Monday, February 21, 2005
10:41 AM |
Room of Spirits
Honestly, I've been remiss with my Philippine Daily Inquirer duties. So, last weekend, I decided to begin churning out the articles expected of me. Here's for this Monday's Lifestyle Section issue.
Click here if you want the real thing.
The pleasant surprise may be that, hidden somewhere in a Mexican restaurant called CocoAmigos -- located along the northern stretch of Dumaguete City's famous Boulevard -- is an adobe-brown dining room, which is increasingly becoming the most important space for art in this city down south, in Negros Oriental.
Here, a kind of wakening is stirring what had always been a vibrant -- although surprisingly low-key -- community of artists. The city had always boasted of artists of impressive rank, with equally impressive voices: Kitty Taniguchi and her Babylonic female abandon, for example, and daughter Maria Taniguchi's prophetic reach. There's the surreal worlds of Jutze Pamate and Raszceljan Salvarita which border on Pinoy Magritte. There's Paul Pfeiffer, whose installations won for him America's prestigious Whitney Prize sometime in 2001.
In their wake come two more names in Dumaguete art that may command considerable attention in the years to come. In an exhibit aptly called "Waves of Worship," artists Susan Canoy and Sharon Dadang-Rafols have finally come into their own, their artistic voices full-bodied in an exhibit that celebrates spirituality in manifestations of outward worship, or inward angst.
Susan Canoy's work -- composed mostly of acrylic paintings on antique narra wood -- is a marked departure from the diwata and sirena motifs that had always characterized her early paintings, not always done successfully. But in these new works, she has achieved that ambitious reach to people her canvass with folkloric elements, and render them with intensity and meaning.
This time around, she takes on the celebrative nature of Filipino religiosity -- the saints' days and festivals of our collective spiritual identity -- and mounts them in the form of calendar dials, each canvass reminiscent of those typical framed installations of kris swords and ancient shields that used to grace many Filipino homes. Set on black tablets, stylized wood panels -- accented on the sides with decorative metal door handles that seem to suggest a welcome to varieties of rituals -- are rendered with scenes from the Catholic festivals of saints, all done in Amorsolo charm, the acrylic finish marking a vibrant quality.
"This worship of Saints," Canoy says, "is celebrated to ask for more bounty and harvest and a good life." For that, she devotes one work to each month of the year, a dial in the center indicating the various festivities set in that month, then highlighting the one celebration that defines the days.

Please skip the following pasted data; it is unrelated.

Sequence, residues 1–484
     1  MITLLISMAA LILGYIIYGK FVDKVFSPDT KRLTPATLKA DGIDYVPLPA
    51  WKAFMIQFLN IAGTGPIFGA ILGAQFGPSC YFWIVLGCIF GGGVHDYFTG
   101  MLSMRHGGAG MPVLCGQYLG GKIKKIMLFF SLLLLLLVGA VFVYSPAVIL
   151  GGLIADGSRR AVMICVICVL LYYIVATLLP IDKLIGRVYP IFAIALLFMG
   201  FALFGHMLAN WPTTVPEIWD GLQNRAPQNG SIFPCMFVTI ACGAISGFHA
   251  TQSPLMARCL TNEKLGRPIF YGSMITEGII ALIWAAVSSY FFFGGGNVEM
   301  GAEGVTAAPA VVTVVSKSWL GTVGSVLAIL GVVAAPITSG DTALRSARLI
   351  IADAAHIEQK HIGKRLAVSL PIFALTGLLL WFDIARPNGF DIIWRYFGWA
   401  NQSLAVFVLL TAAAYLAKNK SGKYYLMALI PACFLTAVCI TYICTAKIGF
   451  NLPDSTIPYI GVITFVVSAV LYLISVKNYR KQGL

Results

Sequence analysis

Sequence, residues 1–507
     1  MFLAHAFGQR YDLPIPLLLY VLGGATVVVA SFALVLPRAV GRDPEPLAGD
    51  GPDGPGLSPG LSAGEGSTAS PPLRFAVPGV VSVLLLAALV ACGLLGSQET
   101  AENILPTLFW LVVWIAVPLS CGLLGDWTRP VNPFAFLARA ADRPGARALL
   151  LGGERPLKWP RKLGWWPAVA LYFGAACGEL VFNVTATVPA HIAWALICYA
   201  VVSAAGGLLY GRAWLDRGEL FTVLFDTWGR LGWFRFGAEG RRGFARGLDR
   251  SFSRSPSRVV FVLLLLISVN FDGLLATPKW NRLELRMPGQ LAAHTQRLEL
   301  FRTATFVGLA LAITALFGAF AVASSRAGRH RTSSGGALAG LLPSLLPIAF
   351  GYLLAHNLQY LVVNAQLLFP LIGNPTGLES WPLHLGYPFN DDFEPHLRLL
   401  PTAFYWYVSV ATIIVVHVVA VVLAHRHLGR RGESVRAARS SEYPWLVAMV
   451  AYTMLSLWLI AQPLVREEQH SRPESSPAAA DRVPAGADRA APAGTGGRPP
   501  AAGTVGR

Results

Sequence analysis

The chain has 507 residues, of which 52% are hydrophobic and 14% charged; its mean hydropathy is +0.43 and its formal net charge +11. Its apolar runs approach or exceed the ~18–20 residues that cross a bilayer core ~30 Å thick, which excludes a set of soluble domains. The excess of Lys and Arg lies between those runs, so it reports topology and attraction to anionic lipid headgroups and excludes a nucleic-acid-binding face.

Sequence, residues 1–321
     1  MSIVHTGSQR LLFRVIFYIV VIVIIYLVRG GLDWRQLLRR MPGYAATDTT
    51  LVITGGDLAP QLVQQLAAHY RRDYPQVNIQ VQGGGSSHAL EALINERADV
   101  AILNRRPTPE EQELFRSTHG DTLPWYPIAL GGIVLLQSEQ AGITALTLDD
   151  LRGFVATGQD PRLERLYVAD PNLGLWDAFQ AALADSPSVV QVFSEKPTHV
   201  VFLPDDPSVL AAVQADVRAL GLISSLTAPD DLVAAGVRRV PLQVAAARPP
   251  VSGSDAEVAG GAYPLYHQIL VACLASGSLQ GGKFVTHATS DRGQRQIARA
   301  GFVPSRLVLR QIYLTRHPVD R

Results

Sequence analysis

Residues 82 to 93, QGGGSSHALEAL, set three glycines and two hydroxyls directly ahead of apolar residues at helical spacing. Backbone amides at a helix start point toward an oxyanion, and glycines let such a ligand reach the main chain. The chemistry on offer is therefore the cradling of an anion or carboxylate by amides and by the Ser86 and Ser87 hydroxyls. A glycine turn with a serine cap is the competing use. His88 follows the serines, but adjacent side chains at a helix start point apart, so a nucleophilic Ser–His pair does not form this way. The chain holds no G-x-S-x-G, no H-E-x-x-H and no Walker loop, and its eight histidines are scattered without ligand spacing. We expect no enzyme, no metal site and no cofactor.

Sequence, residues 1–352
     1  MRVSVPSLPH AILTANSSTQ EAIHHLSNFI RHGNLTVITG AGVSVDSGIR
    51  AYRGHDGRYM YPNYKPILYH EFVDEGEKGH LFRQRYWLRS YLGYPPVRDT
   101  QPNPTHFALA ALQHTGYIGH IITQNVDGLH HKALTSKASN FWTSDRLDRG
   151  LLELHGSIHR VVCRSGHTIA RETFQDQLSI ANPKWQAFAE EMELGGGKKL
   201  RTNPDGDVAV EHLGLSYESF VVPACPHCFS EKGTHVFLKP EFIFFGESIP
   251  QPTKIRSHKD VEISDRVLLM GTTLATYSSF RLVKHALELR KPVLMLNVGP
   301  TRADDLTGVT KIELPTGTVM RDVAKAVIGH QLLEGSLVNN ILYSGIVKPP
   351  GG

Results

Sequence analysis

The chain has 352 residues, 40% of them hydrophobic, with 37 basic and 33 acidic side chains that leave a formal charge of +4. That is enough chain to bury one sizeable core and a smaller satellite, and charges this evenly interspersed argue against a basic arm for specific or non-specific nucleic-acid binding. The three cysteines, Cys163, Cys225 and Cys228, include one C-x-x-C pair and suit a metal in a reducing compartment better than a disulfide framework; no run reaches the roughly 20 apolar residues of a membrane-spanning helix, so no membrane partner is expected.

For January, there is "Inahan sa Kanunayng Panabang," the top showing a scene of a young man playing guitar in the middle of a vast rice field, and the bottom with vintas in the horizon. For October, she celebrates the Oriental Negrense Buglasan tradition in "Pagsaulog," with Dumaguete's Boulevard rendered in festive colors on the top, and the provincial capitol on the bottom in an energy of people dancing to the Buglasan beat. The other works evoke the other months: "Viva Senyor," "Semana Santa," "Flores de Mayo," and so on.
But while Canoy's works celebrate the visible and often theatrical rites to commemorate our everyday spirituality, Sharon Dadang-Rafols' works suggest a more introspective tone of worship, maybe even internal struggles of faith.
Hers is a work of miniature tension. The paintings -- or a set of small ones presented mostly as triptychs -- are outer expressions of inner peace and inner rage, canvasses of white with strokes of color, foreboding, and meditation, set against a backdrop of blackness. They are almost like Rorschach ink blot tests, and sometimes what is hidden in the chaos of color are startling forms that resemble phantom faces (done to the most haunting degree in the "Entreaty" triptych), throbbing veins, and palimpsests of forbidden landscapes.
"My work," Dadang-Rafols says, "is much in line with meditation through colors and wave of colors. Simple lines and integration of colors create subjects of imagination that makes the viewer meditate, or simply gaze. Perhaps the blending of the hues captures the eye to a deeper meaning of the almost photographic wash of colors."
Her "Zen Series" is a simple exercise of Chinese water color ink on paper, in a kind of pulled string effect that reaches beyond that. They provide windows. To what? To inner wildness, and to eventual calm? "Vision" and "Gamut" are portraits, perhaps, of the recesses of our inner anatomies, at once organic and ominous. "My Prayer," on the other hand, is a tornado of red and sunsets of green, obliquely revealing a haunting woman's face. "Our Kibbutz" is a set of five panels that approximate a rough sequence of waves and blots simulating fireworks and lava lamps, to end, like the other painting, to a portrait of sorts of a smudged-up woman. "The Works" is a splatter of red simulating palm trees in a nuclear sunset, a theme which bleeds to "Breathe," which shows a stark landscape of the shadows of barren trees and ruined buildings, all shrouded in purple decadence.
Two women with singular views on viewing the numinous, reflecting our individual responses to the ethereal, the ritualistic, and the meditative.
In that adobe room in that restaurant, the spirits loom, bursting out of the canvasses and finally into our lives. (The exhibit runs until February 24, in CocoAmigos, Rizal Boulevard, Dumaguete City, Negros Oriental.)
 This is Where You Bite the Sandwich
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